5 Facts You NEED to Know About Choline

5 Facts You Need to Know About Choline

Choline was first established as an essential nutrient by the Institute of Medicine in 1998. It has continually been researched and promoted due to its critical role in our health. While its role is rather complicated, it is important for metabolism, gene expression, lipid transport, and cell signaling/communication.


1. Choline has been compared to folate in its importance during pregnancy.

Choline and folate actually work together. Like folate, choline helps prevent neural tube defects. So it is important prior to pregnancy and in early pregnancy. 

2. Adequate choline intake in pregnancy may result in enhanced memory for life.

Since choline is related to brain development, it makes sense that adequate intake during pregnancy results in improved memory in the child. One study tested kids at age 7; kids had better visual memory if their mothers consumed adequate or even just a more significant amount of choline during their pregnancies.

3. Only around 10% of people over the age of 2 get adequate choline.

According to the Journal of the American College of Nutrition, only about 10% of women are getting adequate choline. So increased awareness of the need for choline is necessary.

4. Choline is not contained in most prenatal vitamins or multivitamins.

The discovery of choline’s importance in 1998 is actually relatively new. Although that seems like a long time ago. Many organizations, supplement companies, nutrition, and health agencies have not caught up on the research. There are some companies out there that add choline to their prenatal vitamins, so look for it! But if not, you may have to take an additional choline supplement or be cautious about eating more choline-rich foods.

5. Some research suggests adequate maternal choline intake provides infants protection from the development of cancer.

While more research is still needed, there has been some association found between higher intakes of choline during pregnancy. And also decreased the risk of tumors and tumor growth later on in the babies life.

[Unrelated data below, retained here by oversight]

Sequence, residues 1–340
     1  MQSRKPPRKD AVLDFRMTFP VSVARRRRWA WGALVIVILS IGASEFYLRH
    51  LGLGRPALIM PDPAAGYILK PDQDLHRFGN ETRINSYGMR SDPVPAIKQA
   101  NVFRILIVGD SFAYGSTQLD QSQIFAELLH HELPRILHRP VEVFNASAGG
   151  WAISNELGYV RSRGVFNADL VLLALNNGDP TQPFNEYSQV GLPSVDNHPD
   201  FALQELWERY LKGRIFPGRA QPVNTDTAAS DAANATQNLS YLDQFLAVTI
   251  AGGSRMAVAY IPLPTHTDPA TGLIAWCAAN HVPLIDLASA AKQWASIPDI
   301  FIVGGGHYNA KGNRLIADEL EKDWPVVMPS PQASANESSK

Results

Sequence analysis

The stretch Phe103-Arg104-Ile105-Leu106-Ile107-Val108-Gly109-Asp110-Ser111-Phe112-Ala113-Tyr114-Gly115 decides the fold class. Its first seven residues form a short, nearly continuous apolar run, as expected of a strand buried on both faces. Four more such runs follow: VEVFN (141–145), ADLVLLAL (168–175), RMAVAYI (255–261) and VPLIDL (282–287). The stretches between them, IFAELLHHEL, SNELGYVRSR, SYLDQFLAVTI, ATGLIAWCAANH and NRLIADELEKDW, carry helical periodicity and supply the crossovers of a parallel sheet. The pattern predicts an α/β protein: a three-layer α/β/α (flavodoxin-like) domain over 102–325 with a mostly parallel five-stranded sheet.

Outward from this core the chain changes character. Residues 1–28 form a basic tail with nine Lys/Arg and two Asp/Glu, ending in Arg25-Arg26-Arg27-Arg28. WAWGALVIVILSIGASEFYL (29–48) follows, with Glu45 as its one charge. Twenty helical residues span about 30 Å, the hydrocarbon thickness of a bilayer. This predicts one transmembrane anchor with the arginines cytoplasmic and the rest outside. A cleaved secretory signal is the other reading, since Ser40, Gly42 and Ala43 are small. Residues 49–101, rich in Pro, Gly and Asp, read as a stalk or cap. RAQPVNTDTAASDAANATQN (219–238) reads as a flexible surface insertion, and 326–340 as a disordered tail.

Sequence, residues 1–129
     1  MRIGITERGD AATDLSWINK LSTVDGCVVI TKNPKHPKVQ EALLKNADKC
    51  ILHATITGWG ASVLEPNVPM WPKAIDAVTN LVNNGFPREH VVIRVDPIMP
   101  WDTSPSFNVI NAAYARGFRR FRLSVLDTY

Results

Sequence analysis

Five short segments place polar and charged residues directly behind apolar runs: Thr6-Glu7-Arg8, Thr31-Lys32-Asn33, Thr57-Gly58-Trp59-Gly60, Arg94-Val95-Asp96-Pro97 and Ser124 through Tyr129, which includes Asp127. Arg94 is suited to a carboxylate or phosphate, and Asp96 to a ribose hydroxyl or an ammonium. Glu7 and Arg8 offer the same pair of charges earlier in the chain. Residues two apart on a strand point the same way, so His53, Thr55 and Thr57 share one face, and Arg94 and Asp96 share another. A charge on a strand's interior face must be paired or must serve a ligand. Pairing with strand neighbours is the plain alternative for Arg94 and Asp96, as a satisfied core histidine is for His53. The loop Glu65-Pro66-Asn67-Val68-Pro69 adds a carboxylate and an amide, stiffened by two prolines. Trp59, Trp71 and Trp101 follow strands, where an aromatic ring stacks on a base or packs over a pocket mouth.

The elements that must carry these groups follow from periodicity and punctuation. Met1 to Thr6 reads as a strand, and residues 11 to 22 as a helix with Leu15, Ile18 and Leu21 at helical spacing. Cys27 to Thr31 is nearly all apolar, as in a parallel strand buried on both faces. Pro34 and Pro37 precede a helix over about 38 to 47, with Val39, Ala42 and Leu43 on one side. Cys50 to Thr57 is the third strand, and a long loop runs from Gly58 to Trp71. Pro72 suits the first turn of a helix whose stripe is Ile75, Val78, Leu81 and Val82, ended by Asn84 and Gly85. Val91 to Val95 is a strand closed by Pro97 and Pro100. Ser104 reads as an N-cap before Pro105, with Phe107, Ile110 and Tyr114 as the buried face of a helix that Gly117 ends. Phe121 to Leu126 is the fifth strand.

Dietary sources include eggs, beef, chicken, Brussel sprouts, shiitake mushrooms, soybeans (edamame),  yogurt, broccoli, kidney beans, and quinoa. Animal sources containing the most abundant amounts. Pregnant and breastfeeding women also need an estimate of 550 mg/day of choline.


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Zeisel, S. H., & Costa, K. D. (2009). Choline: An essential nutrient for public health. Nutrition Reviews, 67(11), 615-623. doi:10.1111/j.1753-4887.2009.00246.x

Periconceptional Dietary Intake of Choline and Betaine and Neural Tube Defects in Offspring, Gary M. Shaw1, Suzan L. Carmichael1, Wei Yang1, Steve Selvin2, and Donna M. Schaffer3

Choline Intake During Pregnancy and Child Cognition at Age 7 Years, American Journal of Epidemiology, Volume 177, Issue 12, 15 June 2013, Pages 1338–1347, https://doi.org/10.1093/aje/kws395

Taylor C. Wallace & Victor L. Fulgoni III (2016) Assessment of Total Choline
Intakes in the United States, Journal of the American College of Nutrition, 35:2, 108-112, DOI: 10.1080/07315724.2015.1080127

Ciappio, E. D., Mason, J. B., & Crott, J. W. (2011). Maternal one-carbon nutrient intake and cancer risk in offspring. Nutrition Reviews, 69(10), 561-571. doi:10.1111/j.1753-4887.2011.00424.x